The current studies demonstrated that SPC of the epilimnion, the upper portion of the water column where blooms occur, strongly suppressed FHABs even in nutrient-rich waters.
Dickinson, ND (Vocus) March 25, 2010
Harmful Algae, a peer-reviewed scientific journal dedicated to promoting knowledge of harmful microalgae and the control of these organisms, recently published a report on the efficacy of solar-power circulation (SPC) in suppressing freshwater harmful algal blooms (FHABs). The incidence of FHABs is increasing worldwide due to excessive nutrient input and declining flow rates. FHAB organisms and their toxins present risks for human and animal health, aquatic-ecosystems sustainability and even economic vitality. Efforts to control algal blooms have ranged from watershed management to limit nutrient input, to chemical algaecide treatments to terminate blooms, to environmentally preferable methods such as SolarBee’s unique SPC technology to prevent blooms.
Titled, "Freshwater harmful algal bloom (FHAB) suppression with solar-powered circulation (SPC)," the article combines data collected by personnel at three water utilities where high nutrient levels and periodic seeding with cyanobacteria caused annual blooms. The current studies demonstrated that SPC of the epilimnion, the upper portion of the water column where blooms occur, strongly suppressed FHABs even in nutrient-rich waters. The good algae and zooplankton thrived when FHABs were suppressed, enabling the nutrients to move up the food chain to fish. SPC effectively suppressed FHABs and reduced operational expenditures on algaecides and chemicals used in producing drinking water. Health, the environment and our economy benefited from this ecologically-based approach to within-water-body management of FHABs.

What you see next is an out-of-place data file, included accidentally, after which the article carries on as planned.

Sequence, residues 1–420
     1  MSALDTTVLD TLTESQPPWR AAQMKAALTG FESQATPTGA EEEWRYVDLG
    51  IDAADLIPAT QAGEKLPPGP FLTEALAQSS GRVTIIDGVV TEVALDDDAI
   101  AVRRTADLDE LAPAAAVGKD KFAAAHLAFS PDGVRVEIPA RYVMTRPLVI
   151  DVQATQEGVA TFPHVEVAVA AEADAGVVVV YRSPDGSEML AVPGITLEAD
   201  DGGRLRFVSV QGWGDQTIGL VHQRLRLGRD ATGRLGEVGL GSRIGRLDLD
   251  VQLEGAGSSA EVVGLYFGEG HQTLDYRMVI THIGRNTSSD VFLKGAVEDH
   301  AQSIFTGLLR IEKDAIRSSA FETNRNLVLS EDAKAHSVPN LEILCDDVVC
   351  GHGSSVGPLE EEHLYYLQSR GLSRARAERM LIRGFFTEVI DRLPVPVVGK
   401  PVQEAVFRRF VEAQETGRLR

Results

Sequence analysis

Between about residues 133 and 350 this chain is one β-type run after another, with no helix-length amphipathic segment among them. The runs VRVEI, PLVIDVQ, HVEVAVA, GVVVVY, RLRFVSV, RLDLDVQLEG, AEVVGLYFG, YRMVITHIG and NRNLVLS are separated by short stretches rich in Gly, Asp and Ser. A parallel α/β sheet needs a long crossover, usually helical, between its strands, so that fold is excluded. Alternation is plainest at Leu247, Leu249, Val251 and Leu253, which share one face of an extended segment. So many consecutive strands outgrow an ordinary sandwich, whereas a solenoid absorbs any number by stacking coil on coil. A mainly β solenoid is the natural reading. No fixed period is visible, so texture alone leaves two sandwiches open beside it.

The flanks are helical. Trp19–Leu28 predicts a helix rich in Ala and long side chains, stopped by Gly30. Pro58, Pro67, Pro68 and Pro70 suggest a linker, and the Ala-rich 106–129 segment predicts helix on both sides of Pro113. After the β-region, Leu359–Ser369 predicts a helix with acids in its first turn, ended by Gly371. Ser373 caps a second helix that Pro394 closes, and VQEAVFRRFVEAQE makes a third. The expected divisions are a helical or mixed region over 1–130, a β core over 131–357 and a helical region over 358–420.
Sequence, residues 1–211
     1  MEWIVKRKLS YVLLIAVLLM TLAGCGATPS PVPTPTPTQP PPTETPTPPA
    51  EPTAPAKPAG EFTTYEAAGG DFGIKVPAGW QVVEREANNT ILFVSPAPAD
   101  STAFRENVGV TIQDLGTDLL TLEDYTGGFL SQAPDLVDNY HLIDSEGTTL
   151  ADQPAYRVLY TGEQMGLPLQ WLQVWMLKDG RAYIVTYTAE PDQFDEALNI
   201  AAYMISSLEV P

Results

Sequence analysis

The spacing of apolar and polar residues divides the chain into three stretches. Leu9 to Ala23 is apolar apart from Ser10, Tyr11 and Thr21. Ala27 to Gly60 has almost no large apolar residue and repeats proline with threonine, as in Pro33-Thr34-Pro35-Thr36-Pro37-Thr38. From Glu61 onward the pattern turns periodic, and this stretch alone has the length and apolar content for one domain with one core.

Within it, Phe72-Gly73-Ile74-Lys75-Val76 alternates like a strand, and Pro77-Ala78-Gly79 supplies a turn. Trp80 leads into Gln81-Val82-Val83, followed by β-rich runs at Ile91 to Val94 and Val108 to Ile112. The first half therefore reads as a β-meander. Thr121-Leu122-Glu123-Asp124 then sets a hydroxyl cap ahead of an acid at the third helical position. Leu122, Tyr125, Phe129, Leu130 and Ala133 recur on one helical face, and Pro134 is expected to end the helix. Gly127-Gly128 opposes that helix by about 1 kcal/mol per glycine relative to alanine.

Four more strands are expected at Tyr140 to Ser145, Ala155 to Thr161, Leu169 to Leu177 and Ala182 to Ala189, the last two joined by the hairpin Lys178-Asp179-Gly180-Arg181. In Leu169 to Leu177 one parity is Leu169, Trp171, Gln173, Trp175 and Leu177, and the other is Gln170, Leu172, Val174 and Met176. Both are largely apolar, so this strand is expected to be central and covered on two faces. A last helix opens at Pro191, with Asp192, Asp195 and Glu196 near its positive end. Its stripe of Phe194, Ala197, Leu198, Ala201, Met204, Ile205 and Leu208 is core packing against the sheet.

Download the full article at: http://www.SolarBee.com/Harmful-Algae
SolarBee Inc., a division of Medora Environmental Inc., develops and installs solar-powered circulation equipment to help solve water-quality problems in raw water reservoirs and lakes, wastewater lagoons, storm-water ponds, estuaries, potable and recycled water storage tanks, and other reservoirs. The floating circulators create a near-laminar flow that can prevent and control algae in lakes, reduce aeration time and expense in wastewater lagoons; and completely mix any size potable water tanks to provide a uniform water age and reduce nitrification, stagnation and residual loss. The long-distance circulators can move up to 10,000 gallons per minute from depths of more than 100 feet and have been proven in hundreds of applications worldwide. For more information about SolarBee, visit http://www.solarbee.com
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